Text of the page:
verdict pending

What If Cuomo Just Won’t Go?

Still here. Photo: Seth Wenig-Pool/Getty Images

On Friday, it looked like the end.

More former staffers had come forward, detailing how Governor Andrew Cuomo treated female subordinates. The number of women who claimed that he had sexually harassed them was now up to six, and in one case, the Albany County district attorney was investigating. Almost the entirety of the state’s congressional delegation had called on him to resign. And on top of this mounting crisis, there continued to be reporting that New York’s governor has mismanaged the state’s COVID-19 response, potentially contributing to tens of thousands of preventable deaths.

By nightfall, Senator Kirsten Gillibrand and Senate majority leader Chuck Schumer had joined the chorus, which already had in it State Senate majority leader Andrea Stewart-Cousins, most of her colleagues in the State Senate, and more than 40 Democrats in the State Assembly, to say nothing of New York City mayor Bill de Blasio, four of the candidates vying to replace him, and assorted Democrats from up and down the state.

But Cuomo didn’t go, and hasn’t gone yet, and the political class in New York is now turning to a new question: What if he doesn’t? And, perhaps more to the point, could the governor hold on until next year, win a Democratic primary, then a November general election, and achieve what has been his long-held ambition, to best his father Mario and win reelection to a fourth term?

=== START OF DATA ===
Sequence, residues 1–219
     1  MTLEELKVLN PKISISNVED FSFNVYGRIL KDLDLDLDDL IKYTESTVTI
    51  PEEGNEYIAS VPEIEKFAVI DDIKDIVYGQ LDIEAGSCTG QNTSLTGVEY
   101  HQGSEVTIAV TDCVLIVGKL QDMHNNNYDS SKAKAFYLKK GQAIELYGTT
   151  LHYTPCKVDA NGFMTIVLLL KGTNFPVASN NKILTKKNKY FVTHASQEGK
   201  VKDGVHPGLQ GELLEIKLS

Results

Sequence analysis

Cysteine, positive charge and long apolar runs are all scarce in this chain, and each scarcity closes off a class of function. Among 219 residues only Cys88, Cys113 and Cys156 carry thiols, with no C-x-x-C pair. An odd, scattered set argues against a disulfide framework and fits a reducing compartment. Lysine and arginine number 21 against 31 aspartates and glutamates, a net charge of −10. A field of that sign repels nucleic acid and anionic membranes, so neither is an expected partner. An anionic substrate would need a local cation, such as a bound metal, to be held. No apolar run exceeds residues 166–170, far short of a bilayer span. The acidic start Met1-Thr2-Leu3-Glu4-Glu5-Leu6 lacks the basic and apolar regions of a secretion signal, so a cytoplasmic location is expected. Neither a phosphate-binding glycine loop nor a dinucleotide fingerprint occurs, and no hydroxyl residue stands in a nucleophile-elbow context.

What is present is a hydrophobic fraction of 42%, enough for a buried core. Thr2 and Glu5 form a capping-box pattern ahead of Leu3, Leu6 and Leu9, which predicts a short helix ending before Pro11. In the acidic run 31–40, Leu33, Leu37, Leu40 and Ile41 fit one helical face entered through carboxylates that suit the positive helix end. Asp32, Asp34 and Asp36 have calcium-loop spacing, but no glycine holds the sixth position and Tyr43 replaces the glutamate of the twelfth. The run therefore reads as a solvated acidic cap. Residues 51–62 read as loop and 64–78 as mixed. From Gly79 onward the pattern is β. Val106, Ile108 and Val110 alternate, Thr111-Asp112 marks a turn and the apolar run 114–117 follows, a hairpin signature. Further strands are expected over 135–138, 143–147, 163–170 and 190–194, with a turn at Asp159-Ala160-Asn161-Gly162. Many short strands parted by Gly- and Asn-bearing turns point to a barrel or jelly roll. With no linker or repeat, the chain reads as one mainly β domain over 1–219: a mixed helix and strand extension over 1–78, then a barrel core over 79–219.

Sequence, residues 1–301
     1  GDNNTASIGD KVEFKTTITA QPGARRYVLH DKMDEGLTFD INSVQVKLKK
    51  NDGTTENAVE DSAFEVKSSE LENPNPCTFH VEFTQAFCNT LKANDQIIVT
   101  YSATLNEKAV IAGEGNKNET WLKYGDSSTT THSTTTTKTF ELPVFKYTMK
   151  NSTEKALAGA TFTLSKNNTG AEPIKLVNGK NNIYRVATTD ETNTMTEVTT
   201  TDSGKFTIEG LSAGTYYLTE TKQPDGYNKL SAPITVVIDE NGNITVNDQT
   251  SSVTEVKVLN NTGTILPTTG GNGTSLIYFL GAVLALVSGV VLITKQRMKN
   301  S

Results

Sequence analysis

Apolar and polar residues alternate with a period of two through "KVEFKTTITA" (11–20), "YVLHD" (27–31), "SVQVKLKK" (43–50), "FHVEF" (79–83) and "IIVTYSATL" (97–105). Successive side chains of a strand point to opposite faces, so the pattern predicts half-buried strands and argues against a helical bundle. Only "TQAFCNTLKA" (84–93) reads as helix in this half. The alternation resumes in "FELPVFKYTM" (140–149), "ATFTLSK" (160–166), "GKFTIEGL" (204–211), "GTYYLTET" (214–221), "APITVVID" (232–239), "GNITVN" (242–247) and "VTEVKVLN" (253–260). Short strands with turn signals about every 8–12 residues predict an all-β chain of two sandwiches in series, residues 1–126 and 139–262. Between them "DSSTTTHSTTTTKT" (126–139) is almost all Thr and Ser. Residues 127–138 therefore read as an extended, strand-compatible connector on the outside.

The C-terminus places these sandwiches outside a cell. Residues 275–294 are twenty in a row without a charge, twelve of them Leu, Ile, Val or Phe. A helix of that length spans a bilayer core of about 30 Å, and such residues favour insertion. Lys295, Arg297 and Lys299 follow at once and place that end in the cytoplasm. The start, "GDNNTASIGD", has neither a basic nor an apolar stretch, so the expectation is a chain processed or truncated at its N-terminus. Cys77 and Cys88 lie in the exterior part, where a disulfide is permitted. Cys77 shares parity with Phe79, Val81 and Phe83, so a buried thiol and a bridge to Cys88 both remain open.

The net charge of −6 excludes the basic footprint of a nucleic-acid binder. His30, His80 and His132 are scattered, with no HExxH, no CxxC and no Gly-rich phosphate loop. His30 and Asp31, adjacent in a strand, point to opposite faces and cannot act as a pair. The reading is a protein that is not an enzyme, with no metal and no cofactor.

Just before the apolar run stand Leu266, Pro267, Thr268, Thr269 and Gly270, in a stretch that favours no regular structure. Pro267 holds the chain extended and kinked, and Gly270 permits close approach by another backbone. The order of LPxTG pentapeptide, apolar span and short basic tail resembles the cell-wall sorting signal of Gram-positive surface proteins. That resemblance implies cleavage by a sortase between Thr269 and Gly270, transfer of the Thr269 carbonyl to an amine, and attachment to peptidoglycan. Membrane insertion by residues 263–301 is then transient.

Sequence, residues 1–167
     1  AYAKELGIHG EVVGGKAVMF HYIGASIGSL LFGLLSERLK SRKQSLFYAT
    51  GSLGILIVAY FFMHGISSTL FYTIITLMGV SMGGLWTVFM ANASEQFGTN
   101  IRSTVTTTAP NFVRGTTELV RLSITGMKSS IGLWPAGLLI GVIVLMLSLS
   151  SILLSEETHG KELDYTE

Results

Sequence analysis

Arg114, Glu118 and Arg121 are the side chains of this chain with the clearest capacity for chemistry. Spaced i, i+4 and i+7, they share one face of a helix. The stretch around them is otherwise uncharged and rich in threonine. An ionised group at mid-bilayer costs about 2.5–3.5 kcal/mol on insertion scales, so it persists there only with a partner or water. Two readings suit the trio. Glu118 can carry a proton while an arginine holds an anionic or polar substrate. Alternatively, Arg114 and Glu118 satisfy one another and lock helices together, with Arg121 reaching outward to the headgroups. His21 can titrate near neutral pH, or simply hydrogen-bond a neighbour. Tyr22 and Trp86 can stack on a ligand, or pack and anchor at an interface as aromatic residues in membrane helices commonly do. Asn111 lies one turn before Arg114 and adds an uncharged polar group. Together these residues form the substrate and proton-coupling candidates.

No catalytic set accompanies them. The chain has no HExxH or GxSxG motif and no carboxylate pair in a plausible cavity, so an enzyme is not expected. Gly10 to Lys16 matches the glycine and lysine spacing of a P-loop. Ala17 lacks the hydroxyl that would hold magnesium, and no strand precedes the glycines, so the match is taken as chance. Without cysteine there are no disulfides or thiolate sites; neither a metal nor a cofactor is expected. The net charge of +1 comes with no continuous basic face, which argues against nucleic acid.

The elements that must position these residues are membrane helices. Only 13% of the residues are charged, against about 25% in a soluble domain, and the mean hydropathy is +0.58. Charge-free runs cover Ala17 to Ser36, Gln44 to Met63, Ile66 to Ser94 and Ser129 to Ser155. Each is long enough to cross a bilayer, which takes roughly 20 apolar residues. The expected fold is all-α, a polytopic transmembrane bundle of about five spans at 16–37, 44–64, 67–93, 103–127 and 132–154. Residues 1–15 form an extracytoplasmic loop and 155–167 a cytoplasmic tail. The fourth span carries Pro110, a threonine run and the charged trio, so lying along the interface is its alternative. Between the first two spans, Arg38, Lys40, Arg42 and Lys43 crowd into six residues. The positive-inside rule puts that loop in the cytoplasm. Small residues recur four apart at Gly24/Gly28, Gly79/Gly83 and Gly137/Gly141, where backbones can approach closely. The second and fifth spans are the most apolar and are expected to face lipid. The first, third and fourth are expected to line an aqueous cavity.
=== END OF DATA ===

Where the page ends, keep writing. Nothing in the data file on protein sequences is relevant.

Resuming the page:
People close to the governor say there has been no talk of resigning, but no talk of running for reelection either; rather, the focus is on dealing with the immediate fallout, especially keeping Assembly Speaker Carl Heastie from joining Democratic leaders and calling for the governor to step down. Impeachment begins in the Assembly, a body Heastie controls, and were he to come out publicly against the governor, it would surely spell the end of Cuomo’s reign. The Assembly Speaker has not gone as far as his counterpart in the State Senate, only saying that “I think it is time for the governor to seriously consider whether he can effectively meet the needs of the people of New York” and telling reporters on Monday that his caucus favors “due process” for dealing with Cuomo’s swirling scandals.